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this is a classical problem, but I need help to pinpoint what I am missing.

Problem: In MATLAB

(exp(1) + 10^12) - 10^12

gives you a double which equal to e, up to 5 correct digits. But I thought it would be 4.

One has exp(1) + 10^12 = 1.000000000002718e+12, where 1.000000000002718 contains 16 digits, the precision we are working at. All that is left of e is 2.718, but (exp(1) + 10^12) - 10^12 = 2.7182 (I have left out the digits following the last decimal 2), meaning I have one more digit saved.

Question: Where or how is the extra digit stored? I know that the last the 53 bit for unsigned 64 bit IEEE is used for rounding, is it related to my question?

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  • $\begingroup$ Note that "[...] contains 16 digits, the precision we are working at" is incorrect. The number is stored in bits, and the decimal representation of those bits can require more than 16 digits. For example, 001 represents 0.25, so that 3 bits correspond to 3 decimals. $\endgroup$ – Jannis Teunissen Mar 30 '16 at 12:26
  • $\begingroup$ As far as I know, there is no such thing as an "unsigned 64 bit IEEE". Floating point numbers are always signed, in IEEE standard formats. $\endgroup$ – Federico Poloni Dec 17 '17 at 22:23
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You can use dec2bin(typecast((exp(1) + 1e12) - 1e12, 'uint64')) to obtain the binary representation of the double precision floating point.

100000000000101101111110000101010001011000101000101100000000000 100001001101101000110101001010010100010000000000101100000000000 100000000000101101111110000000000000000000000000000000000000000 100000000000101101111100111011011001000101101000011100000000000 100000000000101101111101101111110100100001111111110010000000000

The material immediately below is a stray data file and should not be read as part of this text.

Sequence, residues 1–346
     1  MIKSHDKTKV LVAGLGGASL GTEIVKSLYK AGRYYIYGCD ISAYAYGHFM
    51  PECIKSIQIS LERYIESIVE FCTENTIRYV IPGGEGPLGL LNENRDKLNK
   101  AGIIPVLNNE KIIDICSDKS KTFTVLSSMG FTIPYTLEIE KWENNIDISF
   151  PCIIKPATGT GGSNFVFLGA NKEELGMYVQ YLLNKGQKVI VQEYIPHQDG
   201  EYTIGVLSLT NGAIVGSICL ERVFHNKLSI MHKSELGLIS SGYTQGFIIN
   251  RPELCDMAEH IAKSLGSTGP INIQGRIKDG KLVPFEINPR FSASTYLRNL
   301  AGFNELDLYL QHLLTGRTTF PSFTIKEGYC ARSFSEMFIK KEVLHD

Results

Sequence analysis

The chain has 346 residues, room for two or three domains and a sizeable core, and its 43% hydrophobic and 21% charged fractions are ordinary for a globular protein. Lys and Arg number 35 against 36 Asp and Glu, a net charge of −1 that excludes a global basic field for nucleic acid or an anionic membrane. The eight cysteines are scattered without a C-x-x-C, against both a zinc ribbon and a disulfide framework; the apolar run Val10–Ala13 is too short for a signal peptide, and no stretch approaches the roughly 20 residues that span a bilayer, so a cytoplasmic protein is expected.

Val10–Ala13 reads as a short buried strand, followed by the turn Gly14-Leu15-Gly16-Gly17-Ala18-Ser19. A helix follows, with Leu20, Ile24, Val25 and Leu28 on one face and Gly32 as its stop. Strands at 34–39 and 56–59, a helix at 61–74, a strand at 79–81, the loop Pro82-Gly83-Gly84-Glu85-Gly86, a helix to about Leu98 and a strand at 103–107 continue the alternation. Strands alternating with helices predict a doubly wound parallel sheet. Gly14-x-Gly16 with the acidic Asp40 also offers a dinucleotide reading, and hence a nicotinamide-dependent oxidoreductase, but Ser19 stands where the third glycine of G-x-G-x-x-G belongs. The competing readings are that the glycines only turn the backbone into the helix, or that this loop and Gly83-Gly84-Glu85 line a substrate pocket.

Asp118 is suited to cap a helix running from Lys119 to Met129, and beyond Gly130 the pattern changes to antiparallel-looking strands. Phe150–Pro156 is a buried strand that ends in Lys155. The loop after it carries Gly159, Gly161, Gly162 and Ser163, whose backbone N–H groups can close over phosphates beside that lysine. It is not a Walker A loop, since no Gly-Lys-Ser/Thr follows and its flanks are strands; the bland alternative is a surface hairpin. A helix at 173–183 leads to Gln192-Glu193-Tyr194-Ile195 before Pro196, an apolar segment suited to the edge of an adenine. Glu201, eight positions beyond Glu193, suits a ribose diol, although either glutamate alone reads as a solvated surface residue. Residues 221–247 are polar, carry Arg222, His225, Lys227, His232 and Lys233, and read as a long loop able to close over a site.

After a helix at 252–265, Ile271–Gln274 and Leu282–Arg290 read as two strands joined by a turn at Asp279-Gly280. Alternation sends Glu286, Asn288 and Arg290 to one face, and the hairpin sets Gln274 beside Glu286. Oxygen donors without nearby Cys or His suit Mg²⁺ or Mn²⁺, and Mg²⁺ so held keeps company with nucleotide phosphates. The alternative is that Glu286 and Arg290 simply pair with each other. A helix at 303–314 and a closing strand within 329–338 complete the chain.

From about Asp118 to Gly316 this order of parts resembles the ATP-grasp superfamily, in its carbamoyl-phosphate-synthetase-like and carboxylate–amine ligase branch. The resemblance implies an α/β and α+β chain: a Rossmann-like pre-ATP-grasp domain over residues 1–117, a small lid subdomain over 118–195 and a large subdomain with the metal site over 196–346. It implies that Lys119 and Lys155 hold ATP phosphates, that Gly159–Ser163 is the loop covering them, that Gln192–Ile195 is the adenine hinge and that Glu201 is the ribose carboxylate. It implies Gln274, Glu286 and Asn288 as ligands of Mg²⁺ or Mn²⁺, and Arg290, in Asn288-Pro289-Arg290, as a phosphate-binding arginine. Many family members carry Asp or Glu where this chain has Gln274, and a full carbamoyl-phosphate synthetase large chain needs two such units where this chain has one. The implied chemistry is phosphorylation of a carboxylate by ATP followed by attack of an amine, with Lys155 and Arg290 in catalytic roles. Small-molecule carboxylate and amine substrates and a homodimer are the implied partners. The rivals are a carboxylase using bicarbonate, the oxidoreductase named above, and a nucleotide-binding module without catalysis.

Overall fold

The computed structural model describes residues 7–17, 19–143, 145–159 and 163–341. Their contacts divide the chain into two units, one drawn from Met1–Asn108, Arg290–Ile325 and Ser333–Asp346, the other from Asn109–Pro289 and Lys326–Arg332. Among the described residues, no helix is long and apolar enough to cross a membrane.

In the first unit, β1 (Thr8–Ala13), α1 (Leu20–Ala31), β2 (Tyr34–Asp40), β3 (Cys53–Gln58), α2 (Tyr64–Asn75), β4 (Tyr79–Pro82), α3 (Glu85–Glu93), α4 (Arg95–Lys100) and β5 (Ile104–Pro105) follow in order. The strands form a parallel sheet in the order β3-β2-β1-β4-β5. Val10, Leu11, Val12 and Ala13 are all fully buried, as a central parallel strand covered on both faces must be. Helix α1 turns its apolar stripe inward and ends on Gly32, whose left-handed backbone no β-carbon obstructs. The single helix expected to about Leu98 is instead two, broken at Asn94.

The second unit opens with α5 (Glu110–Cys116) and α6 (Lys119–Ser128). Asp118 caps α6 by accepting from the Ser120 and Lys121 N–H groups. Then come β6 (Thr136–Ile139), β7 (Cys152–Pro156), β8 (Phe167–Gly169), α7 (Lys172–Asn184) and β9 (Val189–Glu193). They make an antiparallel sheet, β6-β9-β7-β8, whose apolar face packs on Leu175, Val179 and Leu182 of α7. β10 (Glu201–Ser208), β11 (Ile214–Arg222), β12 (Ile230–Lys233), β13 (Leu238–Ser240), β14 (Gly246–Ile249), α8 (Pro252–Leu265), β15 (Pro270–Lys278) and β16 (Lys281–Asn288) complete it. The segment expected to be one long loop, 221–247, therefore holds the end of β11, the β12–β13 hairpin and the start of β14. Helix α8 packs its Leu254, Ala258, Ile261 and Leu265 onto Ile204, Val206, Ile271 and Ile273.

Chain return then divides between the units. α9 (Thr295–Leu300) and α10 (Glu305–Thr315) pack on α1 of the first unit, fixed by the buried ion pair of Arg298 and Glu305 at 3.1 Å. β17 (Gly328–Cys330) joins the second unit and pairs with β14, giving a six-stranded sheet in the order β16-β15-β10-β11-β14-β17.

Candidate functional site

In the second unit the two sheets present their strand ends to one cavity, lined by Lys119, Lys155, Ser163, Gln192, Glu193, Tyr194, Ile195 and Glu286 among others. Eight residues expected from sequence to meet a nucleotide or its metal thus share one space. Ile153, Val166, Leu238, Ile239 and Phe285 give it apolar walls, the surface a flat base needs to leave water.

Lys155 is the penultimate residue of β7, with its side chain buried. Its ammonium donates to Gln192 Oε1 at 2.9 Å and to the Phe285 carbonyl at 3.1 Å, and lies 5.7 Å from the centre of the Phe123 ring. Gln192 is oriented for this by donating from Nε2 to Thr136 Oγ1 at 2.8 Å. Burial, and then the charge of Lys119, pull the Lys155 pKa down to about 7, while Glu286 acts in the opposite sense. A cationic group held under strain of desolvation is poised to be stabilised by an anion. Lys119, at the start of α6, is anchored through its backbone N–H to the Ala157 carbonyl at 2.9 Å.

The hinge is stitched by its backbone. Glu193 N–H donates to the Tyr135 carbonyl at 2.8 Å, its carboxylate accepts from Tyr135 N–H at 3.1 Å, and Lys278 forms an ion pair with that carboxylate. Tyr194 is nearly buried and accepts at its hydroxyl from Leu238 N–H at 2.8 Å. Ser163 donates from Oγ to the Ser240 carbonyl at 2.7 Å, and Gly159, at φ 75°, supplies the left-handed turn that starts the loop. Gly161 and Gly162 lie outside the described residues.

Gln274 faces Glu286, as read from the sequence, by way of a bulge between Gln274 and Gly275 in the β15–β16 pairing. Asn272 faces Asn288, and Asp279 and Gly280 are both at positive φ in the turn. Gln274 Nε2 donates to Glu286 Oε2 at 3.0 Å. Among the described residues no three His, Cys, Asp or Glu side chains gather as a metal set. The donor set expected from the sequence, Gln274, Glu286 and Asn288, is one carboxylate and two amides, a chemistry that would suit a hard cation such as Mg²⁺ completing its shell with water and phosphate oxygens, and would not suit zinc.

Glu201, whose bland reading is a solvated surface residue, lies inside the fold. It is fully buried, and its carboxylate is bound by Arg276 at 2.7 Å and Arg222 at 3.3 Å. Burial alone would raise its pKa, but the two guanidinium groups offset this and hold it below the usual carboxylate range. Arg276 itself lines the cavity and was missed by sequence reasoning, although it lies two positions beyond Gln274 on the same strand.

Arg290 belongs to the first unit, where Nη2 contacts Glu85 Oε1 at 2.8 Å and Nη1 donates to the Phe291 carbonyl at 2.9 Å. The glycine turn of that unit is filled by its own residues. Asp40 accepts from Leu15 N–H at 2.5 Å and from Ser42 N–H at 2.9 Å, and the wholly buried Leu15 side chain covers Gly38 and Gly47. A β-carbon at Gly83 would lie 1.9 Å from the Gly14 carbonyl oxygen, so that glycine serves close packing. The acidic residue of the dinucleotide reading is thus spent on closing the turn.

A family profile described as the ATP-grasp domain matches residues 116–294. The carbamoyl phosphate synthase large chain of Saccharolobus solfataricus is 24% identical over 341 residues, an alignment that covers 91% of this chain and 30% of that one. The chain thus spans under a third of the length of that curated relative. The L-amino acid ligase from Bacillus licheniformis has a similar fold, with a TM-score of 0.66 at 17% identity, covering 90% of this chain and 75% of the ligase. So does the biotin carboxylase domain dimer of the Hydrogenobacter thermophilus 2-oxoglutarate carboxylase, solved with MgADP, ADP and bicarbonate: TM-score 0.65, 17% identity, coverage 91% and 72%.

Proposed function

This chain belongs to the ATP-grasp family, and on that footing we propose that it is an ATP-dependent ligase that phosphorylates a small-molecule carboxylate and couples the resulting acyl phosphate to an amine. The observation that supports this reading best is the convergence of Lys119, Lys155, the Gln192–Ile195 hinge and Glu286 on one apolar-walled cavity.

are the binary representations of

  • e
  • e + 1e12
  • (e + 1e12) - 1e12
  • 2.718
  • 2.7182
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Firstly, I can't guarantee it, but I suspect that matlab will return a signed double rather than an unsigned, so you've probably only got 52 bits to play with.

However to actually address the question, consider a clock that has stopped with the hour hand on 1 o'clock. It has a terrible precision, but if you look at it at 12.30, it's accurate to within half an hour. Similarly, the $(1/2)^{52}$ step in the representation of doubles is only useful to tell us the maximum truncation error in the representation of mathematics, the actual accuracy can be far better.

As a concrete example of something closer to the bound, compare your example with the result of $(\pi+10^{12})-10^{12}$.

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